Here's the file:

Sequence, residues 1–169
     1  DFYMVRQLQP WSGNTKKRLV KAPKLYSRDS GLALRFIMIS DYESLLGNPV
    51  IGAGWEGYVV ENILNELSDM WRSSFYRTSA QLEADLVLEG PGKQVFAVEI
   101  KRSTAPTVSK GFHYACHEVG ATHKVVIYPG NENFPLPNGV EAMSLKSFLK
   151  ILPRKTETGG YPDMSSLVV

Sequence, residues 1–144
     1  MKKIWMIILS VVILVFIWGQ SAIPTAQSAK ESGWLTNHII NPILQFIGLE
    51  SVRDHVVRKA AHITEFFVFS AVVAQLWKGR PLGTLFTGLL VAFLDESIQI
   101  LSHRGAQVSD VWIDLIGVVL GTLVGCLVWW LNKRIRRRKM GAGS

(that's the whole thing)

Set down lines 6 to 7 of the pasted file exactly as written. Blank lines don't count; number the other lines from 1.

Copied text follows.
Sequence, residues 1–144
     1  MKKIWMIILS VVILVFIWGQ SAIPTAQSAK ESGWLTNHII NPILQFIGLE